A Twisted Road to Earth Day: Air Pollution as an Issue of Social Movements after World War II
When environmental awareness and activism reached record heights in 1970, air pollution was one of the key issues. Earth Day celebrations frequently referred to pollution problems, and hearings on air pollution drew mass audiences everywhere. In Cleveland, the Air Conservation Committee of the Tuberculosis and Respiratory Disease Association of Cleveland and Cuyahoga County started a newsletter, which noted in its rst issue that “Clevelanders have every right to be militant about pollution”; on other occasions, the Air Conservation Committee sounded a “breathers alert.”1 In Missoula, Montana, environmentalists staged what they called “the rst anti-pollution ‘y-in’ in the nation” on 8 March 1970, when thirteen planes circled a nearby pulp mill. One month later, a University of Montana ecology group called “the Environmentalists” chose four issues for a three-week long observance that overlapped with the national Earth Day celebrations, and pollution gured alongside population, pesticides, and recycling on their agenda.2 It was by all means tting that on 18 December 1970 an air pollution hearing in the State Health Building in Atlanta, Georgia, voted as its rst item of business to move to the nearby Central Presbyterian Church because the original conference room did not have su cient space for all participants. A er all,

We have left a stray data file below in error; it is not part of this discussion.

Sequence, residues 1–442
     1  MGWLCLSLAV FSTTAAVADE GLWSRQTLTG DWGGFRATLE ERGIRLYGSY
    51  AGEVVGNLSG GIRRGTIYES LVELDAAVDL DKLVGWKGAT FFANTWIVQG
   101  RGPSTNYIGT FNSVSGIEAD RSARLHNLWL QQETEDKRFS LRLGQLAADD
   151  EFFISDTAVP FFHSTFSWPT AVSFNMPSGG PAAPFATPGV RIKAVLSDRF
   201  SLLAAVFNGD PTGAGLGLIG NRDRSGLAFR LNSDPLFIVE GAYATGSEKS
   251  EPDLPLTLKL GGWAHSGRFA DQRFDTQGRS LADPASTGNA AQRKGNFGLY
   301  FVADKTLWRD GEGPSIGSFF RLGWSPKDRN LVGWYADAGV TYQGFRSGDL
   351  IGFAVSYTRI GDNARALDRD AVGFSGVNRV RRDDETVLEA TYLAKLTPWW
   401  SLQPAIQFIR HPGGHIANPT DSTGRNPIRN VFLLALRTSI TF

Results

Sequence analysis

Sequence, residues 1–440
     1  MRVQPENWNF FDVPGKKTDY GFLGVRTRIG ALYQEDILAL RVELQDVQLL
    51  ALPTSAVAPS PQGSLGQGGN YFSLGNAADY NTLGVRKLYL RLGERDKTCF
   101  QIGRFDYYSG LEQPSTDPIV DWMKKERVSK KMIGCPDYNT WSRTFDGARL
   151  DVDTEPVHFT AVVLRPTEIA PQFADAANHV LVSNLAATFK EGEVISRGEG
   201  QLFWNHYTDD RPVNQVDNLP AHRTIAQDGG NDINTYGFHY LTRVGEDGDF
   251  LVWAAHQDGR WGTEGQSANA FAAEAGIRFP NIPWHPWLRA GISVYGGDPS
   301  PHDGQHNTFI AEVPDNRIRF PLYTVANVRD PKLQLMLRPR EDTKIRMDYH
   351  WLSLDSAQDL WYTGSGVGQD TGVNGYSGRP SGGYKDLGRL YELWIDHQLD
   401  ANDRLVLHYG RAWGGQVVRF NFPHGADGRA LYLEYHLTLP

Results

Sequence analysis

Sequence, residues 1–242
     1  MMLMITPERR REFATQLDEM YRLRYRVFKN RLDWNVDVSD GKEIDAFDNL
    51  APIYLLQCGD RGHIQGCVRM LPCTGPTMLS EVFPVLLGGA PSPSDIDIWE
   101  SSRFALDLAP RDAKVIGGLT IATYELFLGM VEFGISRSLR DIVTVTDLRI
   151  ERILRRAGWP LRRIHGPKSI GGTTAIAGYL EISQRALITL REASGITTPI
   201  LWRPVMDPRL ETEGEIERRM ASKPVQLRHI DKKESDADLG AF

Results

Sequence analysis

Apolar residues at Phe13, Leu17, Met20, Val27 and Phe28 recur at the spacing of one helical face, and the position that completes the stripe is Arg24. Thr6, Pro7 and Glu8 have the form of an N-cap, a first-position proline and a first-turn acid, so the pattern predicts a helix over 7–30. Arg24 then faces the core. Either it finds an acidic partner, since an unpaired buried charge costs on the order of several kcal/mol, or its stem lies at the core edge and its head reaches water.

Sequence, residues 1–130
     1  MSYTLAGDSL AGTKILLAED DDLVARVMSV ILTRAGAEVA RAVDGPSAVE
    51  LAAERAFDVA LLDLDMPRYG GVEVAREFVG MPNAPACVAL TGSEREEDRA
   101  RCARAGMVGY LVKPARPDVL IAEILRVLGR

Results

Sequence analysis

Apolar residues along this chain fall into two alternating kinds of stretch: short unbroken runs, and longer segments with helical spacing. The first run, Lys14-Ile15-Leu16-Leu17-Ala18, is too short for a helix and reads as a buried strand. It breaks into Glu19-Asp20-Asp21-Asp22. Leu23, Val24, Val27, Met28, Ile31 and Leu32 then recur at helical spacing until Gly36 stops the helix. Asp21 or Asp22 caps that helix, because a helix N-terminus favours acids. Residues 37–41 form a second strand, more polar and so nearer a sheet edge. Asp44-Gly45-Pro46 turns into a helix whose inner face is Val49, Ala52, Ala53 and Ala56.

the move not only mirrored the unexpected turnout at that hearing but also a crucial shi of the arena. From now on, decisions on air pollution issues would no longer be taken at obscure meetings in administrative buildings but in plain view of the public.